Dallas Sniper Attack: Statement from Ministerial Services to the Church and Ministry
Hello to all of you—
The world we live in continues to show signs of desperation as it goes down an ever-darkening path. The tragic sniper shootings of law enforcement officers on the streets of Dallas, Texas, last night illustrate the deteriorating environment in our country (and, for that matter, around the world). The event also underscores the desperate need of mankind to have the spiritual understanding that we, as God’s people, are so very blessed to have.
Last night, as my wife and I were watching national news prior to turning in for the evening, we witnessed the events live as police officers who were maintaining the public peace during demonstrations were gunned down from sniper fire—and in our own area of Dallas, no less.
It is bad enough that racial and other tensions have increased the divide of many in our country; however, when the anger and frustration devolves into anarchistic actions such as this, it makes one feel that authorities are slowly losing grip on order and justice in our cities and communities.
While driving in to the office this morning, I listened as the Dallas mayor and chief of police updated the press (and public) on the tragic events of last night and the ongoing investigation. In a change from normal protocol, toward the end of their update both men admitted that they were “people of faith” and asked the press and the public to pray for the families of the victims and for the city. They mentioned a public prayer event that will take place at 12 noon at a downtown location where local religious leaders will convene. Their words seemed sincere. There is no doubt that these two men (and countless others) are looking for a source of solace and encouragement when such senseless events take place. They are also looking for answers to the broader concerns of division, confusion and chaos that seem to be increasing in the fabric of our peoples and country.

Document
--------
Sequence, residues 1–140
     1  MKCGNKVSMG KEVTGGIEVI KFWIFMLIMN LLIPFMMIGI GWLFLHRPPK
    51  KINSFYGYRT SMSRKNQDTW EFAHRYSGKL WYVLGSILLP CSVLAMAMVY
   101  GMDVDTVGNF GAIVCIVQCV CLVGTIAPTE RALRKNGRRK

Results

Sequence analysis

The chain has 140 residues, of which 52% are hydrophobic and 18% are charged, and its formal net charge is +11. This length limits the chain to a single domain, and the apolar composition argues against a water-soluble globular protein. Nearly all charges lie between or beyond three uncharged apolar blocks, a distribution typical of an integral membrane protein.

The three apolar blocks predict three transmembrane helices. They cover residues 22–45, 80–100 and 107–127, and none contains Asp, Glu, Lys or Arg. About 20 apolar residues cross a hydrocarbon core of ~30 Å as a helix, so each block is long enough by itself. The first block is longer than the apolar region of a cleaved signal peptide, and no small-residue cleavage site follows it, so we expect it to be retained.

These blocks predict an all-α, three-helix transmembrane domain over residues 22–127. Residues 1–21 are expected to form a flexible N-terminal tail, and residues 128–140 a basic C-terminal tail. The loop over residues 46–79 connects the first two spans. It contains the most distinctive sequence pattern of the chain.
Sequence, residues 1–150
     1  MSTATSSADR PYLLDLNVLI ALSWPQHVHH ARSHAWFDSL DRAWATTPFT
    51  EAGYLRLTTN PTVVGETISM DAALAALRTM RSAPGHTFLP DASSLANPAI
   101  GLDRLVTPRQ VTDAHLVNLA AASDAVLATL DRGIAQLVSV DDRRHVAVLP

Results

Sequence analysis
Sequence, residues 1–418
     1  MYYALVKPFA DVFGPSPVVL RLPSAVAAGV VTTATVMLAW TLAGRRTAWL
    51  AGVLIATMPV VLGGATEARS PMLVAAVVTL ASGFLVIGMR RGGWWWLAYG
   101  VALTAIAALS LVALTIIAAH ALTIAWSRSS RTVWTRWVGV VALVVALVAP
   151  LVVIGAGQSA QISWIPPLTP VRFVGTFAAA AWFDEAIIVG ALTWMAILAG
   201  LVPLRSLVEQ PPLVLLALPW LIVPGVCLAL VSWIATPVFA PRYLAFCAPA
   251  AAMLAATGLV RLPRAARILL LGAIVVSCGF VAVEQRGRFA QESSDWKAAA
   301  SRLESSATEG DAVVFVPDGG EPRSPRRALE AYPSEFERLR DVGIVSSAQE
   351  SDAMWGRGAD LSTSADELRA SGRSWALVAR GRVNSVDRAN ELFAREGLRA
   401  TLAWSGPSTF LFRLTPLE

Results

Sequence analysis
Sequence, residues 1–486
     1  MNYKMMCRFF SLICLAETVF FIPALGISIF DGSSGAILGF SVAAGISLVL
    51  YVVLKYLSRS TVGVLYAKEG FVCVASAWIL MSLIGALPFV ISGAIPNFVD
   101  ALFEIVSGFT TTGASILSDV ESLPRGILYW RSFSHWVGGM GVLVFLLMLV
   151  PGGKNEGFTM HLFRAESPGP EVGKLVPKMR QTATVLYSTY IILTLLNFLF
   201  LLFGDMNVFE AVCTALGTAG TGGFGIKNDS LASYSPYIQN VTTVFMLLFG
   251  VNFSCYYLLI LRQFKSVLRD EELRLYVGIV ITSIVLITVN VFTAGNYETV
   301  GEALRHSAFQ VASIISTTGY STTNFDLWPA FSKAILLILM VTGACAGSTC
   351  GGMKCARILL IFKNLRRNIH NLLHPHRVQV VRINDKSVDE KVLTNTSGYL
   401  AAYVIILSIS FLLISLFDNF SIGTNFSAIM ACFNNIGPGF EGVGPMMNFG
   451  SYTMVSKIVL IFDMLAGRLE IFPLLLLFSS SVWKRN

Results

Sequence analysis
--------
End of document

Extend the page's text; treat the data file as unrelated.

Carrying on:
As God’s people, we have the answers. The brethren we serve do understand that the world we live in will be replaced by the government and family of God at Christ’s return. Of recent weeks I have thought much about the reason Christ began His instruction on how to pray with the words “Your kingdom come. Your will be done ….” Clearly, God desires His people to have a consistent, daily focus on the need for Christ’s return and to have a deepening desire for the suffering, chaos and tragedies of this world to come to an end. Only when we have a personal and emotional feel for the suffering, death and tears of so many in this world—can we pray “Your kingdom come” with the kind of concern and sincerity that our Father, no doubt, desires from us.
May God speed the day of His direct intervention in this world, and may we all be found doing His work and serving His people—as we know all of you do each and every day. Those of us at the office pray that all of you and the congregations and brethren you serve have a wonderful and meaningful Sabbath day.